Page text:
# Import Mozilla settings and utilities (the awkward structure of these
# commands is necessary to avoid double importing of the Mozilla .lldbinit):
script fallbacktopsrcdir = <SET THIS TO A MOZILLA SOURCE DIR>
script istopsrcdir = os.path.exists("mozilla-config.h.in")
script topsrcdir = os.getcwd() if istopsrcdir else fallbacktopsrcdir
script ignored = istopsrcdir or lldb.debugger.HandleCommand("command source -s true " + os.path.join(topsrcdir, ".lldbinit"))

see Debugging Mozilla with lldb for more information.

Note that one important issue that the Mozilla .lldbinit file fixes is that by default some breakpoints will be listed as "pending", and XCode will not stop at them. If you don't include the Mozilla's .lldbinit, you must at least put settings set target.inline-breakpoint-strategy always in your $HOME/.lldbinit as recommended on Debugging Mozilla with lldb.

Having a profile for debugging purposes

It is recommended to create a separate profile to debug with, whatever your task, so that you don't lose precious data like Bookmarks, saved passwords, etc. So that you're not bothered with the profile manager every time you start to debug, expand the "Executables" branch of the "Groups & Files" list and double click on the Executable you added for Mozilla. Click the plus icon under the "Arguments" list and type "-P <profile name>" (e.g. "-P MozillaDebug"). Close the window when you're done.

Running a debug session

Make sure breakpoints are active (which implies running under the debugger) by opening the Product menu and selecting "Debug / Activate Breakpoints" (also shown by the "Breakpoints" button in the top right section of the main window). Then click the "Run" button or select "Run" from the Product menu.

Setting breakpoints

Setting a breakpoint is easy. Just open the source file you want to debug in Xcode, and click in the margin to the left of the line of code where you want to break.

During the debugging session, each time that line is executed, the debugger will break there, and you will be able to debug it.

Note that with the default configuration, some breakpoints will be listed as "pending", and XCode will not stop at them. If you don't include the Mozilla's .lldbinit, you must at least put settings set target.inline-breakpoint-strategy always in your $HOME/.lldbinit as recommended on Debugging Mozilla with lldb.

Using Mozilla-specific lldb commands

If you included the .lldbinit when Setting up lldb, you can use Mozilla-specific lldb commands in the console, located in the Debug area of XCode. For example, type js to see the JavaScript stack. For more information, see Debugging Mozilla with lldb.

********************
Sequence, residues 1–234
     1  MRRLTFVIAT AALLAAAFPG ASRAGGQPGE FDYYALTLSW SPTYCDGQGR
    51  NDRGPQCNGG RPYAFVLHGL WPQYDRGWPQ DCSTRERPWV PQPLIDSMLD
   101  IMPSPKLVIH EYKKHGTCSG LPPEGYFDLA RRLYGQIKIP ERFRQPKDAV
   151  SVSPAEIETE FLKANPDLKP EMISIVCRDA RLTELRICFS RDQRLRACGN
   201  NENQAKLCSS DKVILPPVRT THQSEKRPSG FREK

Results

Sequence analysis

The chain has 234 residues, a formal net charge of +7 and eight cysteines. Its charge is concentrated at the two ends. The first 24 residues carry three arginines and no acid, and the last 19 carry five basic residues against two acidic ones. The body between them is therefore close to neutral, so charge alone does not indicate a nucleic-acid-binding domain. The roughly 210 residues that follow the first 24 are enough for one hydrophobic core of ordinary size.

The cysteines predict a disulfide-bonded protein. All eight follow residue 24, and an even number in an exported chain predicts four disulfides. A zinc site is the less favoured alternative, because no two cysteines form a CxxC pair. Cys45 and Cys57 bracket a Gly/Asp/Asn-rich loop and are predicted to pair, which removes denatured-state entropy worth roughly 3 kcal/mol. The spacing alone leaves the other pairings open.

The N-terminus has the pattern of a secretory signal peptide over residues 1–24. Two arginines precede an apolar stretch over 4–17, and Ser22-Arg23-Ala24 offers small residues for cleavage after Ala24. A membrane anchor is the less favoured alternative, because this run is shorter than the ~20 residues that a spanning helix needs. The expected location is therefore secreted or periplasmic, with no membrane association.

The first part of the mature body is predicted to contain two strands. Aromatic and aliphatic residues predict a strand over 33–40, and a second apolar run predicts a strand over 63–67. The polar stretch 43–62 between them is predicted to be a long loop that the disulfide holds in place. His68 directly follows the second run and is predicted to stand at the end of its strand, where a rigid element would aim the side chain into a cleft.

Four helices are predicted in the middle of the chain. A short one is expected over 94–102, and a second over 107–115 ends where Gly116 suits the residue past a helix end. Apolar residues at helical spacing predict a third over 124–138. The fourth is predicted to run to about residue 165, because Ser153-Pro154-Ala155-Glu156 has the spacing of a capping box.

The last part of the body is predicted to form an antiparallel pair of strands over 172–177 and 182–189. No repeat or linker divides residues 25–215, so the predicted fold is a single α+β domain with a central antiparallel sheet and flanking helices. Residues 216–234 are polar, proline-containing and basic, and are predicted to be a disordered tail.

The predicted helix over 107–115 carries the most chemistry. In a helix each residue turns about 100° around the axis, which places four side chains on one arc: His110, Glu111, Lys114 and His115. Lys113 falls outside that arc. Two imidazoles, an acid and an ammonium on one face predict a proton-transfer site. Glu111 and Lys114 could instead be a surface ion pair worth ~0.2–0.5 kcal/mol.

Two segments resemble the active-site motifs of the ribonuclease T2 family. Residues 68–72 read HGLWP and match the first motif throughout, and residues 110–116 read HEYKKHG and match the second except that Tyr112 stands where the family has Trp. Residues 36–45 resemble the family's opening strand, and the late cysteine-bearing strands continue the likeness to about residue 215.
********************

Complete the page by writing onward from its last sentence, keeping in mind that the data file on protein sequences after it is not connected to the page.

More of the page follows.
Debugging e10s child processes

Using XCode to debug child processes created by an e10s-enabled browser is a little trickier than debugging a single-process browser, but it can be done. These directions were written using XCode 6.3.1

  1. Complete all the steps above under "Creating the Project"
  2. From the "Product" menu, ensure the scheme you created is selected under "Scheme", then choose "Scheme > Edit Scheme"
  3. In the resulting popup, click "Duplicate Scheme"
  4. Give the resulting scheme a more descriptive name than "Copy of Scheme"
  5. Select "Run" on the left-hand side of the settings window, then select the "Info" tab. Set the Executable by clicking on the "Executable" dropdown, and selecting the plugin-container.app that is inside the app bundle of the copy of Firefox you want to debug.
  6. On the same tab, under "Launch" select "Wait for executable to be launched"
  7. On the "Arguments" tab, remove all arguments passed on launch.

Now you're ready to start debugging:

  1. From the "Product" menu, ensure the scheme you created above is selected under "Scheme"
  2. Click the "Run" button. The information area at the top of the window will show "Waiting for plugin-container to launch"
  3. From a command line, run your build of Firefox. When that launches a child process (for example, when you start to load a webpage), XCode will notice and attach to that child process. You can then debug the child process like you would any other process.
  4. When you are done debugging, click the "Stop" button and quit the instance of Firefox that you were debugging in the normal way.

For some help on using lldb see Debugging Mozilla with lldb.

Other resources

Apple has an extensive list of debugging tips and techniques.

Questions? Problems?

Try asking in our IRC channels #developers or #macdev.

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 Last updated by: Jonathan_Watt,